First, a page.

Michael Ferguson’s Little Joe Superstar: The Films of Joe Dallesandro

Imagine, for a moment, that it is the 1960s – the last half of them, actually – and that you are a small-town boy attending a major Midwestern university in a major Midwestern city, where you are majoring in theater and art. One thing that is very big in your circle is Andy Warhol’s movies. Michael Ferguson’s Little Joe Superstar: The Films of Joe Dallesandro is a little bit more than nostalgia, and a little bit more than dèja vu: it is a lot that you never knew at the time, that in a way you wish you had known then but, in a way, you’re glad you didn’t.

The focus of the book, of course, is Joe Dallesandro, the beautiful, quiet young man who became, through the more-or-less happenstance intervention of Andy Warhol and Paul Morrisey, a heart-throb for both men and women. Those non-cinephiles who remember Dallesandro at all remember him as part of the Warhol Factory, one of the Superstars that Warhol created as part of what seems in retrospect to have been a tireless assault against the art establishment of the time. Dalessandro has gone on to maintain a career as a film actor – never a high-profile career, but a career – working internationally and with an impressive array of roles to his credit.

This is also the first book that had Dallesandro’s willing cooperation. Most of the illustrations are from his collection, and there is a short biography that relies mostly on Dallesandro’s own recollections. While there is no counter-testimony, Dallesandro reveals a consistency of attitude that leads me to believe his stance as someone who is not impressed by his own fame is a real one. This is only supported by the fact that he never really seems to have sought the limelight. Dallesandro and Ferguson also pull very few punches about his early life – he was what is commonly known as a juvenile delinquent, with what I have come to consider a very realistic view of growing up rough: the lyric from Lou Reed’s “Walk on the Wild Side” is right on, as far as Dallesandro is concerned: yes, he is the “Little Joe” referred to in the song, but he has a different interpretation than the obvious about making people “pay and pay.” In his words, “It was about how you got people who wanted to be a part of your life. The pay was that they became part of your life. . . . It was about what I wanted. New York was the place I came to get what I needed.”

Dallesandro comes across as much more subtantial – and much more level-headed – than one might think, given the milieu of the Factory with which he was so strongly identified. Even there (or perhaps especially there), Dallesandro was an outsider. It was when he left the Factory and lived in Italy for a number of years that he really began to develop a career as something more than a Warhol hanger-on (which, in truth, he never seems to have been).

The bulk of the book is composed of discussions of Dallesandro’s films, beginning with his one brief modeling stint for Bob Mizer’s Athletic Models Guild. Of particular value, for those interested in the careers of Warhol or Morrisey, is the discussion about Dallesandro’s first film for Warhol, The Loves of Ondine. Ferguson carries off a very substantial art-historical view of Warhol’s filmmaking and the beginnings of Morrisey’s career that helps build a rationale – or at least a real understanding – for what Warhol was actually doing at the time. (And, yes, it is true that Dallesandro’s career as an actor began with him literally walking on – he had come to visit a friend whose apartment was being used for the shoot. He wound up wrestling with Bob Oliva in his underwear as part of the movie.)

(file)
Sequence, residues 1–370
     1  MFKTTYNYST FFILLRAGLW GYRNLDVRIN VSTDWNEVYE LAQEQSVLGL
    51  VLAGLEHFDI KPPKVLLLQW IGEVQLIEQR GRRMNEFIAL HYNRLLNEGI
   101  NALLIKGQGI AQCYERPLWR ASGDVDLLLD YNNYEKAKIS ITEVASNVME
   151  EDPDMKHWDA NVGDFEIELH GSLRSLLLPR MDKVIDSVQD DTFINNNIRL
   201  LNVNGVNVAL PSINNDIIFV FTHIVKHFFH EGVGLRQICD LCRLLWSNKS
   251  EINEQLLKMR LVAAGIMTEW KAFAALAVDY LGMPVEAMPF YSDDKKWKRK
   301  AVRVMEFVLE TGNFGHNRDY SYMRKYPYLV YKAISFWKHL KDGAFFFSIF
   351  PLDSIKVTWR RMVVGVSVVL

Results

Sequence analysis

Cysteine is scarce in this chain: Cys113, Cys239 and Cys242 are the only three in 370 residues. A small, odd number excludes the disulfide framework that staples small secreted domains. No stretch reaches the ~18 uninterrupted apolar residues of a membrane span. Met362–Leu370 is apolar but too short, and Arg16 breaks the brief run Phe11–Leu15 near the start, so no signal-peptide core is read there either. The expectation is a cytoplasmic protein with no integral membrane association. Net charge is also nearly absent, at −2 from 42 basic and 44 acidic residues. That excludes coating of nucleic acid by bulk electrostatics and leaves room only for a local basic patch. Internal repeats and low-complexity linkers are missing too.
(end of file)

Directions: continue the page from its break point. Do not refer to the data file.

Little Joe was a gay icon back when the term actually meant something, and in spite of the fact that he himself is straight (or perhaps because of it – he seems to exude a kind of availability that has nothing to do with orientation), and one might even opine that he was exploited. That he was attractive goes without saying; what is more interesting, to those of us caught up in a culture that worships youth, is that Dallesandro – who was fifty the year this book was published – turned into an extraordinarily beautiful man, and I don’t think it was just a matter of appearances. It has more to do with an approach to his work and his context – and, one believes, his life – that was not non-judgmental so much as an approach that reserved judgment for those times when it was appropriate. It also has to do with his learning to take himself seriously, but not too seriously. (Dallesandro credits his survival of the Factory to that as much as anything else – the ones who didn’t survive were the ones who bought into the scene and their roles in it, although it goes without saying that they brought the seeds of their self-destruction with them.) Joe Dallesandro survived and succeeded on his own terms, just by being who he was.

This is a much more thoughtful and substantial book than I had expected, as well as being more thought-provoking – a characteristic that has more value than we often are willing to admit. Parting words: Never underestimate the power of fifteen minutes of fame.

(Companion Press, 1998)

About Robert Tilendis

Robert M. Tilendis lives a deceptively quiet life. He has made money as a dishwasher, errand boy, legal librarian, arts administrator, shipping expert, free-lance writer and editor, and probably a few other things he’s tried very hard to forget about. He has also been a student of history, art, theater, psychology, ceramics, and dance. Through it all, he has been an artist and poet, just to provide a little stability in his life. Along about January of every year, he wonders why he still lives someplace as mundane as Chicago; it must be that he likes it there.

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